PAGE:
Darnell Identifies Next Major Power Architecture

December 09, 2010 by Jeff Shepard

The Dynamic Bus Architecture (DBA) is poised to be the "next big thing" in the power supply industry, advancing the distributed power architecture model in ways that will change how power supplies are designed and implemented, according to Darnell Group. The DBA is already being designed into some high-end systems, and widespread adoption is expected in the next few years.

The challenge for dc-dc converter module makers is how the Intermediate Bus Architecture (IBA) has been evolving: customers are demanding more efficiency, as well as configurability and optimization. These demands have led to the DBA, which consists of board-mounted dc-dc converters or point-of-load (POL) regulators that communicate with a centralized power system host control via a digital communications bus. The firmware is reconfigurable to specific applications, with "energy optimization algorithms" built in.

As global economies slowly recover from the recession, companies are looking to keep costs low and optimize the equipment they already have. This means increasing efficiency across all application areas. Most of the distributed power architectures being implemented today include some form of digital power management and control. Digital control has become a "given" in most systems, especially computer and communications applications. "Power supply designers" are becoming "system designers," and many of them utilize digital control techniques when appropriate, rather than analog. The evolution of the IBA, from the Central Control Architecture (CCA) to the emerging DBA, is in part due to system demands that digital power management can address effectively.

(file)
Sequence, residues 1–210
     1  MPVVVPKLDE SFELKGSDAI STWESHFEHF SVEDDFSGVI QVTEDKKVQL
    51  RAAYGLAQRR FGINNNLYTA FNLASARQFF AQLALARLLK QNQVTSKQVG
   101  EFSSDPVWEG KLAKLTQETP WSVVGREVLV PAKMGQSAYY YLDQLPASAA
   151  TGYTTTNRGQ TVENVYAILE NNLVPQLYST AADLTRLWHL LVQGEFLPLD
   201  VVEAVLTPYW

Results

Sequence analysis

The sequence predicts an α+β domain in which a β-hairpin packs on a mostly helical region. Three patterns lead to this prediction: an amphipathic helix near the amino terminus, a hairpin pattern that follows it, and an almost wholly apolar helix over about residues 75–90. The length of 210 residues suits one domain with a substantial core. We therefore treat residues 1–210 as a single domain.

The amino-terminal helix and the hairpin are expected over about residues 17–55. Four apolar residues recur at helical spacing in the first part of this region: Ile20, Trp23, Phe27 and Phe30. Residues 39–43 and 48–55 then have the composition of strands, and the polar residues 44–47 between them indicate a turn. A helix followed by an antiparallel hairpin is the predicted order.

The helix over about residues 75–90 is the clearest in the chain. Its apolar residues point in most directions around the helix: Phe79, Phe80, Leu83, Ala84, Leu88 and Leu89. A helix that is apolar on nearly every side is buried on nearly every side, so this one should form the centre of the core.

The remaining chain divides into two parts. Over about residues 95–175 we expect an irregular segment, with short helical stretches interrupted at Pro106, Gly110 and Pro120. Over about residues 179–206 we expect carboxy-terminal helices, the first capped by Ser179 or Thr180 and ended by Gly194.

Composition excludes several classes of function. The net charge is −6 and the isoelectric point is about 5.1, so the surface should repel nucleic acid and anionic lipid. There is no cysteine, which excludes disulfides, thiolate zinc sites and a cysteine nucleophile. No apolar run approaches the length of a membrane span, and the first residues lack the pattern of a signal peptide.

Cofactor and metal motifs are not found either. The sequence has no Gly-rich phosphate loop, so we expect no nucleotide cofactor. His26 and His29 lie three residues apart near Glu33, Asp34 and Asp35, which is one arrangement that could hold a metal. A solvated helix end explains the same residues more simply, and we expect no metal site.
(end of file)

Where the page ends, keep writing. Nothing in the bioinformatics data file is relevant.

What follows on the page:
The architecture makes use of a Digital Bus Converter (DBC), which is able to dynamically optimize its intrinsic efficiency, along with overall system efficiency, and can be controlled and monitored. Companies like Ericsson Power Modules are already introducing products for this architecture, such as the BMR453, which they call an "Advanced Bus Converter." Such developments are expected to drive accelerated adoption of the new power architecture. In addition, the emergence of the DBC threatens to obsolete all of today’s analog bus converter products, including unregulated, semi-regulated and even regulated devices.

These trends are discussed in detail in Darnell’s new, updated report, "DC-DC Converter Modules and ICs: Economic Factors, Application Drivers, Business Models, Packaging and Technology Developments," to be released in January, 2011.